The theoretical furniture supporting the WH’s theoretical and practical discourse stemmed from the essential need to advance in the debate on the relationship between work and health produced by Occupational Medicine (OM) and Occupational Health (OH). The common thread was incorporating the Latin American Social Medicine and Collective Health approaches1,4,5. Despite comparing OH’s formulations, from an academic, political, and institutional viewpoint, the WH’s approach transcends the analyses restricted to the monocausal paradigm, which situates the disease and a specific agent, or the multicausal, in which the disease is associated with a group of risk factors (physical, chemical, biological, and mechanical) in the work environment1,6.

The approach developed by the field is anchored in the appropriation of the work process category in its relationship with health. The work process concept based on the criticism of the political economy comprises the work production, management, and organization, which acts consciously and intentionally through human intervention and production to obtain a specific result and material or immaterial product7. In a capitalist society, the work process is geared to meeting the objective of accumulation (valorization process) and its environment (labor process) with specific work-wear and class confrontation, which, in turn, determine a particular reproduction pattern. When combined with wear, this pattern is a specific health-disease process for each social group, causing the workforce’s wear expressed in accidents and diseases8.

Concerning academic production, noteworthy are Latin American Social Medicine affiliated authors, such as Laurell9,10, Laurell and Noriega8, and others who conceived the Italian Worker Model (IWM) proposal, developed in Italy in the 1960-70 period11, which influenced both union action and health services1.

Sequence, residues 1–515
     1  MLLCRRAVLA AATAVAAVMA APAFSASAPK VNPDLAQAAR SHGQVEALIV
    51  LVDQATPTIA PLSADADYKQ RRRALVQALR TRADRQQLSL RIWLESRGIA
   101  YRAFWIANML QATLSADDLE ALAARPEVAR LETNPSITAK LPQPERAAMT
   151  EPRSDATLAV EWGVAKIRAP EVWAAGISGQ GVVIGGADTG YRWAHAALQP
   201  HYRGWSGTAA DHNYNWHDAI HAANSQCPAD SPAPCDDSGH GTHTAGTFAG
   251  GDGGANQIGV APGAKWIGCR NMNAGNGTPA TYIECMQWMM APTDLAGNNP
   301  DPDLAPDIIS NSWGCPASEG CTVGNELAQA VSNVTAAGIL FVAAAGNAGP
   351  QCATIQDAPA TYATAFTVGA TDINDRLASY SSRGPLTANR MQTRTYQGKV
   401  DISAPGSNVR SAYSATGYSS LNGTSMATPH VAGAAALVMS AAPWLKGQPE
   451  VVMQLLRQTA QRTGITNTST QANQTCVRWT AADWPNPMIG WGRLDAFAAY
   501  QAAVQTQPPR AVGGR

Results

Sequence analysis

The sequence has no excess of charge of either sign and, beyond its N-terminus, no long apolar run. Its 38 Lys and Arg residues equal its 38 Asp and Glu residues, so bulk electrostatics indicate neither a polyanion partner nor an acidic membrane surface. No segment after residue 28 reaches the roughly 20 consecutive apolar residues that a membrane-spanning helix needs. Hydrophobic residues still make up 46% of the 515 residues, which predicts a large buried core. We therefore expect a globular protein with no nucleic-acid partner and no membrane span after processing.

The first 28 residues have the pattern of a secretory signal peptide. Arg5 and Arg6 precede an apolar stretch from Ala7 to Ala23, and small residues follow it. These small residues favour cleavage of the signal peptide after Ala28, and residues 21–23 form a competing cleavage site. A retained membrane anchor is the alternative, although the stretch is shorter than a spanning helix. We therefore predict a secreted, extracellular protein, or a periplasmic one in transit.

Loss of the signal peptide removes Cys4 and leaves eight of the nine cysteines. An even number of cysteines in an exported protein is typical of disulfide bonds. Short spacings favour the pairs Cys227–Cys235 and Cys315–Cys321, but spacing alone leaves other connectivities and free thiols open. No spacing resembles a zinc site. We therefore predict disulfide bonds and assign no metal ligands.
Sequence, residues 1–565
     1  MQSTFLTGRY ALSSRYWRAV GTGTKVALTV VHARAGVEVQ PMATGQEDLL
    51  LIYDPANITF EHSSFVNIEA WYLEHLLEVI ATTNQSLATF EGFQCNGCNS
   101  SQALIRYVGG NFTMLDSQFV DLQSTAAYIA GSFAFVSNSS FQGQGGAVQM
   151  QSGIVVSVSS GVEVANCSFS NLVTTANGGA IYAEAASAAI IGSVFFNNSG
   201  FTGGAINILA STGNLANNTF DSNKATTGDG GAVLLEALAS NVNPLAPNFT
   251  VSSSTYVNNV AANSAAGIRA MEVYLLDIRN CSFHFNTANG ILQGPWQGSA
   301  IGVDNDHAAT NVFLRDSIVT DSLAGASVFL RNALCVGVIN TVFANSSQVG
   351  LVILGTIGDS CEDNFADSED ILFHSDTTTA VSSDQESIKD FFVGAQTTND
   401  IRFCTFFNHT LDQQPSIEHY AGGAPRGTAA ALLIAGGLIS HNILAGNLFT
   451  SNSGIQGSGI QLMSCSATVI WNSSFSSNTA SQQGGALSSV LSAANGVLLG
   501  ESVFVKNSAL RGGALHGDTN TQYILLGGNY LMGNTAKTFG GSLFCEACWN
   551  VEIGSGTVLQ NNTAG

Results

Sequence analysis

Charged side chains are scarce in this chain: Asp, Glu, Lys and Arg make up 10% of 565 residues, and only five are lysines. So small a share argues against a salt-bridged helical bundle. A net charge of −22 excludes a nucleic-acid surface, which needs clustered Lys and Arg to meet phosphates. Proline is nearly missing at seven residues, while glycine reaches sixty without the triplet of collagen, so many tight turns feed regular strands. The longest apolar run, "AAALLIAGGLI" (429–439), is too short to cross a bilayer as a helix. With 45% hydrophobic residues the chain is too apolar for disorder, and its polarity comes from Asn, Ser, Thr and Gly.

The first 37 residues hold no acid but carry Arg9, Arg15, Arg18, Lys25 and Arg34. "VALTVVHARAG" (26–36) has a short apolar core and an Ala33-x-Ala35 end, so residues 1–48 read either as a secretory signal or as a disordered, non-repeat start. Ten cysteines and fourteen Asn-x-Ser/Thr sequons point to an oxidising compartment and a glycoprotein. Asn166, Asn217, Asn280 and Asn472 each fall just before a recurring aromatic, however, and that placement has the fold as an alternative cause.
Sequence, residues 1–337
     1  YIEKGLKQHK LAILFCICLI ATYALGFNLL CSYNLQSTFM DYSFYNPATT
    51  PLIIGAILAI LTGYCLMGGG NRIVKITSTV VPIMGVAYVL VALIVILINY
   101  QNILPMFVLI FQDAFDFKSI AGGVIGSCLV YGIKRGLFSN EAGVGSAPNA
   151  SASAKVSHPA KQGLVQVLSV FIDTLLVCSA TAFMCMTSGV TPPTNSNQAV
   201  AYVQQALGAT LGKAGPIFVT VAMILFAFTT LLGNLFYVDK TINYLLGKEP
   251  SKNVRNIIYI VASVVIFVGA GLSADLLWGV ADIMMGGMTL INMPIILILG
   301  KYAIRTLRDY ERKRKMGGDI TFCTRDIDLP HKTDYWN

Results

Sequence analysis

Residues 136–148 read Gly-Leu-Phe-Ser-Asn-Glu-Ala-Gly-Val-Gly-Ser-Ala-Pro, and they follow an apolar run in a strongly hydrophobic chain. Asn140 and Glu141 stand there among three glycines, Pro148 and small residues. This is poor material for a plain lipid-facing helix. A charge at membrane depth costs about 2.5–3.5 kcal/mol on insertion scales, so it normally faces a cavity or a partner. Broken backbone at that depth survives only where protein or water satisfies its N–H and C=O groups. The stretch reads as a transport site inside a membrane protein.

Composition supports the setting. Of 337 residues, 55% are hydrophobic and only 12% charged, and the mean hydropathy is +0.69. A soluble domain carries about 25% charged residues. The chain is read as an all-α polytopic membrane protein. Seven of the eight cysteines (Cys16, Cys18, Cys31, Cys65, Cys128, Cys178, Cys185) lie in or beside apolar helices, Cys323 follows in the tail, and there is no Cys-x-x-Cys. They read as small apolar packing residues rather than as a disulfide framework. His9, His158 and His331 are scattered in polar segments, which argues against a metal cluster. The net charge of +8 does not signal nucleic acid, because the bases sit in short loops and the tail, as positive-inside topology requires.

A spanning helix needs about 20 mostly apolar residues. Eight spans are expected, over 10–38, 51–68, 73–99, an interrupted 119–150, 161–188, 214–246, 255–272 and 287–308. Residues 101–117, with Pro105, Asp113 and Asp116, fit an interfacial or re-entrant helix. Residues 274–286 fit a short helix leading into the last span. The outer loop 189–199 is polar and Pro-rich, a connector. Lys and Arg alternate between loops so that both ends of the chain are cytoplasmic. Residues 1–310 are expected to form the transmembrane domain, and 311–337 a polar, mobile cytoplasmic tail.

Along this path, union action potentiated WH’s development, especially in the claim, management, and social participation/control of workers in the Worker’s Health Programs (PST), which later became part of the Worker’s Health Reference Centers (CEREST). The establishment of the Inter-Union Department for Studies and Research on Health and Work Environments (DIESAT) in 1980 contributed in an essential way to subsidizing this action12.

From the viewpoint of health policies, WH is a field of intervention and practices developed within public health4,5. Thus, it adopts the SUS principles, originated from the Brazilian Health Reform Movement (MRSB), namely, the universal right to health, comprehensive care, with an emphasis on prevention and health promotion, decentralized actions, and social participation. The expanded concept of health is also one of the SUS fundamentals and is necessary for transforming social practices far beyond health care.

Based on these principles, the National Worker’s Health Comprehensive Care Network (RENAST) was created in 2002 within the Ministry of Health (MS) as an essential legal device, including a source of financing for the organization, institutionalization, and strengthening of WH actions in the SUS, both concerning care and health promotion and surveillance in the workplace. RENAST also ensured workers’ participation in the monitoring of CEREST linked to the establishment and organization of management councils, ensuing union and popular participation13. In summary, the creation of RENAST gave rise to the National Worker’s Health Policy (PNST) for the SUS, built in 2004, which aimed to 1) expand its coverage to serve all workers; 2) harmonize the rules and articulation of actions; 3) give precedence to prevention over reparation; 4) build the integrated WH information network; 5) structure WH training aiming at continuing training of workers who are going to operationalize the PNST; 6) promote the integrated agenda for WH studies and investigations13.

In 2012, the PNST earned a new version, when the National Worker’s Health and Safety Policy (PNSTT)14 was established, which among the principles and strategies for the WH’s effectiveness in the SUS, highlights the development comprehensive worker’s health care, with an emphasis on surveillance, aiming at the health promotion and protection and the reduction of morbimortality resulting from development models and production processes.